Another completed page in the blue section of my Rainbow Art Journal. This one was easy to finish up because I actually drew the original in March of 2020 – which feels like years ago now – in response to an Art Snacks challenge. I had drawn it in the blue section of the art journal thinking the media I had received were, well, much more blue than they turned out to be. They were far too green and it was annoying me that I had misjudged the colours and stuffed up the colour theme in the sketchbook. I had, therefore, walked away from it for a while – which turned out to be a long while – to come up with a solution. I was so annoyed with myself initially that I considered covering up the whole thing and starting over with essentially a new substrate but I loved that graphite watercolour and the way it had dried in puddles far too much to cover that up. My solution in the end was a quick and easy one so I could call this page “done” and move on: I simply layered some blue ink washes over some of the most green areas of the illustration to knock them back. It is definitely a blue-green piece but that’s acceptable to me.
I have not been creating any art for a month now which, for me, is quite a long time. Partly this was a consequence of needing a break after several months of near daily drawing and partly it was a symptom of just being burned out from everyday life in 2020. My creative mojo had temporarily departed. Not wanting rust to settle into my artistic joints, I decided to try the December Art Snacks challenge as a way to grease the machine.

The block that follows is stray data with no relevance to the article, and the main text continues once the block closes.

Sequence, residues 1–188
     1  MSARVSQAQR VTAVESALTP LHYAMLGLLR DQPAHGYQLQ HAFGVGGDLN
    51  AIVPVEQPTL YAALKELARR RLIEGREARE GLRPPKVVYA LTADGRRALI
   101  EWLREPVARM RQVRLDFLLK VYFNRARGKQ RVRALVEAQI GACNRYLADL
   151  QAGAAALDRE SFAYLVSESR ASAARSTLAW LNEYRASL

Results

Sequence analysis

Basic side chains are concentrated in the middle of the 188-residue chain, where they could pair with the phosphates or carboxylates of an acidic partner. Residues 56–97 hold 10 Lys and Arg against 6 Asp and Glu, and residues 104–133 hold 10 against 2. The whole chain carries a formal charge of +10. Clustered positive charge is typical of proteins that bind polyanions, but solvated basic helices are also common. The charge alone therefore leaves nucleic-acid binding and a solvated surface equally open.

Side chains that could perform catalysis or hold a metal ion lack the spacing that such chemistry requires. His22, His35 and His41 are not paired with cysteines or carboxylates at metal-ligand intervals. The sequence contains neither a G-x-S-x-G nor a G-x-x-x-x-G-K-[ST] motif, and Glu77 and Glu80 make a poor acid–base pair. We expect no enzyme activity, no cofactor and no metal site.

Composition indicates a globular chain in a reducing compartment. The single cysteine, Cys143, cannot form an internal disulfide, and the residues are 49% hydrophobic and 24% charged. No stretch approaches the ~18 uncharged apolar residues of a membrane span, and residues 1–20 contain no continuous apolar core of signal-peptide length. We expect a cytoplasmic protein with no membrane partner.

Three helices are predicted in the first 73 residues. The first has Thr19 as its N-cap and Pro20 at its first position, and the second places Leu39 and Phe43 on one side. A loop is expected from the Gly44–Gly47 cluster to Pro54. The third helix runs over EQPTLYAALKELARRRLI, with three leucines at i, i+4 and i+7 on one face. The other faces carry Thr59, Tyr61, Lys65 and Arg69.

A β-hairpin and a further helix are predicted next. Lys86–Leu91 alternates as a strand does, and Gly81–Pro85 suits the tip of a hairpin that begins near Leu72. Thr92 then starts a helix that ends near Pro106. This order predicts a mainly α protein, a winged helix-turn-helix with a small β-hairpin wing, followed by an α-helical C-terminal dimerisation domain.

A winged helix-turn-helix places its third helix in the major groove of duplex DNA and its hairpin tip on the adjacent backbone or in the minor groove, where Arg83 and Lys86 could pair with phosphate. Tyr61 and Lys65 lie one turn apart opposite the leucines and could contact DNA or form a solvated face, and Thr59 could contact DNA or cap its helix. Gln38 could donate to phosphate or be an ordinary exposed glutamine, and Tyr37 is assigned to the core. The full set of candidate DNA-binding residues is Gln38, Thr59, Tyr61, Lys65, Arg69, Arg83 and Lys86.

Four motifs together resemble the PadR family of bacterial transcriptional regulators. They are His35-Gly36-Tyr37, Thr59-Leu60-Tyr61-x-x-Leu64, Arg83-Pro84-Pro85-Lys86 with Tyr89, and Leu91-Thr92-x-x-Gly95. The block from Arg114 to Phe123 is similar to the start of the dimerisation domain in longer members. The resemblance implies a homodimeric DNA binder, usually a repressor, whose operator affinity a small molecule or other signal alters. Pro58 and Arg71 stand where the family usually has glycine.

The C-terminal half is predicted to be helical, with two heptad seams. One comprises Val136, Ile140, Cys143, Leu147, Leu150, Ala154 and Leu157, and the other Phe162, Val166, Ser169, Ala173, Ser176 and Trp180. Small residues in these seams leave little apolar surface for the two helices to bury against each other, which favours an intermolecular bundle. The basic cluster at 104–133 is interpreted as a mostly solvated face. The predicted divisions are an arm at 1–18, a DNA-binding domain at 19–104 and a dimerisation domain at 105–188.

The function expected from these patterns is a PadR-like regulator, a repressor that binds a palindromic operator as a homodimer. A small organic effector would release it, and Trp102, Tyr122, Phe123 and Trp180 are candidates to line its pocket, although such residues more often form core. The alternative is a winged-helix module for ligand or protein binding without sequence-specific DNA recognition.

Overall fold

In order to avoid overwhelm, I opted to work on one of those small, narrow samples of paper I have that I have been turning into bookmarks. When I looked through the media contained in my Art Snacks box and thought about the colours, I immediately thought of summer flowers. Summer flowers made me think of the May Queen from the horror movie ‘Midsommar’ and so that became the basis for my illustration. I did cheat a wee bit in that I used a micron pen for the outlines of the face and the very loose flower shapes.
Now that I have broken my creative drought with this small illustration, I hope to get back to at least pootling around in my art journals over winter break.
Between completing my Star Wars illustration challenge and participating in Drawlloween, it took until mid-November for me to find the time and motivation to experiment with the supplies in my October Art Snacks box. Even when I did break them out, I kept things very small and manageable. This illustration is the scale of a bookmark. Indeed, I have a number of these skinny drawings now and I think I am going to laminate them so they can all become bookmarks.